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Why We Should Pay Attention!

Epistemic Hunger Probably because I asked too many questions, a professor once told me I had epistemic hunger. If you don’t know what that means, look it up. That’s what people with epistemic hunger do. We, the hungry, look everything up. Knowledge for the sake of knowledge. More, More, More…like a psychoactive drug. People say […]

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Epistemic Hunger

Probably because I asked too many questions, a professor once told me I had epistemic hunger. If you don’t know what that means, look it up. That’s what people with epistemic hunger do. We, the hungry, look everything up. Knowledge for the sake of knowledge. More, More, More…like a psychoactive drug.

People say that knowledge is power. I’m saying knowledge is fun, my kind of fun anyway. So I’m always looking into something, mostly about ‘why we are the way we are and how it matters in everyday life’. And I always want to get it out there in case it matters to you too.

Learning harnesses my attention. So, for example, when I’m reading about “Attention” in “The Discourses of Epictetus,” I’m not thinking about the past, not thinking about the future. No, my mind is completely captivated by what I’m learning…in this case about attention.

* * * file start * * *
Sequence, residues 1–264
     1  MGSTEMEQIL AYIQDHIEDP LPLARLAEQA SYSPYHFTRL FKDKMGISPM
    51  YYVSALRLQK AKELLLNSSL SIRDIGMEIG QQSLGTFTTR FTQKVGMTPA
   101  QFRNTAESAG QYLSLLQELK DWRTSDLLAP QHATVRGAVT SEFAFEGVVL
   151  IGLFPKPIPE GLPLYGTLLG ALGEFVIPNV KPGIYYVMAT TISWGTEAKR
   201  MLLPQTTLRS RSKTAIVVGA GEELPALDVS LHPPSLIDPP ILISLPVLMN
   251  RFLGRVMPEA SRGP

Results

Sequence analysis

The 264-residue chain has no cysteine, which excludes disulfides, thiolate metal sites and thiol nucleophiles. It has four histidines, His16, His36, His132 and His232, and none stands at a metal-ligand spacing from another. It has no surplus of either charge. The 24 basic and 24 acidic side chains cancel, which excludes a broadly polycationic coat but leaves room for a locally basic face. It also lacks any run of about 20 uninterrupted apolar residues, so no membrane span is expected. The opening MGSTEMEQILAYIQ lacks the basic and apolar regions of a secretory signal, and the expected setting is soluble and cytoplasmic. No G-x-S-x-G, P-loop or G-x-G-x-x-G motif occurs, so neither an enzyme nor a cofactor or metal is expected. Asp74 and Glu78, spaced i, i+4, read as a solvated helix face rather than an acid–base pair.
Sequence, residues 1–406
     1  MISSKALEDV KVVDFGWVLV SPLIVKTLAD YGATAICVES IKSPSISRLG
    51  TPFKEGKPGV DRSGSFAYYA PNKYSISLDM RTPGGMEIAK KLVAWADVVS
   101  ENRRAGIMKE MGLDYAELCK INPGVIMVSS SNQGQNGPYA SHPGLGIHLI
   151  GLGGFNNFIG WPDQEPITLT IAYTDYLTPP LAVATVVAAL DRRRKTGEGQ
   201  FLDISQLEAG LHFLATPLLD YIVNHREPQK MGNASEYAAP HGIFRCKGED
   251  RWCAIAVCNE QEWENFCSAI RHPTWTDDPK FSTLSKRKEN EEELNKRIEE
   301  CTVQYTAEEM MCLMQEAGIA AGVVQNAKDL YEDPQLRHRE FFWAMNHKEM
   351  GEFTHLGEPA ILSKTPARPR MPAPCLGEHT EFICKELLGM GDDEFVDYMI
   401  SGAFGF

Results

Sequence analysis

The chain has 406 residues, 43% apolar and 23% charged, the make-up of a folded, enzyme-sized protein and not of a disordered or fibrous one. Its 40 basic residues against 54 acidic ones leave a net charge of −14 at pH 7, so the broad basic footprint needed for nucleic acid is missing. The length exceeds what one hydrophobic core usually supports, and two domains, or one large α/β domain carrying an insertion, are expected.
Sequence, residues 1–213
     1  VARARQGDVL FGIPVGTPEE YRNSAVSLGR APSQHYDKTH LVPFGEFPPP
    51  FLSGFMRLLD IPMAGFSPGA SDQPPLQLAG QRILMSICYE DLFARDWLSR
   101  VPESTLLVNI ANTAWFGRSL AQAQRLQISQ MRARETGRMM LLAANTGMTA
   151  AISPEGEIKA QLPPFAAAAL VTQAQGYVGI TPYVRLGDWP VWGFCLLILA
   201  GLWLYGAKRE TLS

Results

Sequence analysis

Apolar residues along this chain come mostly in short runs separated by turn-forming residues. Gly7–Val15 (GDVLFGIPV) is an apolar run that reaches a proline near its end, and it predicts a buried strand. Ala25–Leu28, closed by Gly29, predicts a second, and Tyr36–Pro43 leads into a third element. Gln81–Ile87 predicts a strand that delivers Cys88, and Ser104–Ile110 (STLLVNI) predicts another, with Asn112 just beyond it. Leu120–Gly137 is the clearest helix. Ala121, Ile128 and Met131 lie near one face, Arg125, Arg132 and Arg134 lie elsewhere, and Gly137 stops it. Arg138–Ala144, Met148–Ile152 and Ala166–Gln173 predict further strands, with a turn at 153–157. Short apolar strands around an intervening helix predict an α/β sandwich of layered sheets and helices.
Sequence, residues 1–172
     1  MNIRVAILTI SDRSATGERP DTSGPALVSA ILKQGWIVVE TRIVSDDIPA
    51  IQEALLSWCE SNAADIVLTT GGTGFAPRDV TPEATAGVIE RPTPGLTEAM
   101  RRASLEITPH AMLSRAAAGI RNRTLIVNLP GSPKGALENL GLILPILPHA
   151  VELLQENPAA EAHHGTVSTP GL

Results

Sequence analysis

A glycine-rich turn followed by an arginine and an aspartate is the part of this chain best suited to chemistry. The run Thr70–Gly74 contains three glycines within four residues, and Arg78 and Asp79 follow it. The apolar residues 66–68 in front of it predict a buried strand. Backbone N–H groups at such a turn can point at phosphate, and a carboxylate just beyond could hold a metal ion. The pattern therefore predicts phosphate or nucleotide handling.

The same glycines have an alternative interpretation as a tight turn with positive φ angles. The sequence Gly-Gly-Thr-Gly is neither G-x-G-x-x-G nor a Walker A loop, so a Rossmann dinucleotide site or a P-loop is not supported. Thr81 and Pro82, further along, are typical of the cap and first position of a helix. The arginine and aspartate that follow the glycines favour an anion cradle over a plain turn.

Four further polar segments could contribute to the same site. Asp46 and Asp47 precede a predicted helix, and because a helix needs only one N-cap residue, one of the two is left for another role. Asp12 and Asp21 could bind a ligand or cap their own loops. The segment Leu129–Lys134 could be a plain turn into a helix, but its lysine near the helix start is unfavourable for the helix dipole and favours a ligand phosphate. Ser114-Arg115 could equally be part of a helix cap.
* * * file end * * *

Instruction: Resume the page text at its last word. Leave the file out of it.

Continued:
So What is Attention?

Attention is the brain’s ability to pick what it wants to concentrate on. This ability can not only keep us from falling off a cliff, and greatly improve our productivity, but bring us incredible pleasure as well. Psychologist Mihály Csíkszentmihály called it a flow state, which is a state of full absorption and full enjoyment to go with it.

Same thing said differently, philosophers tell us to focus on the working surface because that’s where the bliss is. The idea here is to put the attention exactly where the dishrag hits the dish, the paint brush hits the woodwork, the speaker’s voice hits your ear… Why?

Why We Should Pay Attention

Here’s what we know. The mind wanders about 70% of the time. But when we take control of the mind and the placement of our attention, it makes sense that everything that plagues or distracts us takes a back seat. Then we can do a good job at whatever it is and enjoy it a whole lot more too.

As Epictetus points out, would the carpenter’s work be any better with inattention? Would the helmsman steer the ship any better? Would anything really be made any better doing it with our minds somewhere else?

Probably not, but you can try this for yourself. Pick something: food, sex, reading, whatever you like. Then see for yourself if it’s more fun when you are into it than when you are not, and let us know in the comments below.

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    People look for retreats for themselves, in the country, by the coast, or in the hills . . . There is nowhere that a person can find a more peaceful and trouble-free retreat than in his own mind. . . . So constantly give yourself this retreat, and renew yourself.

    - MARCUS AURELIUS

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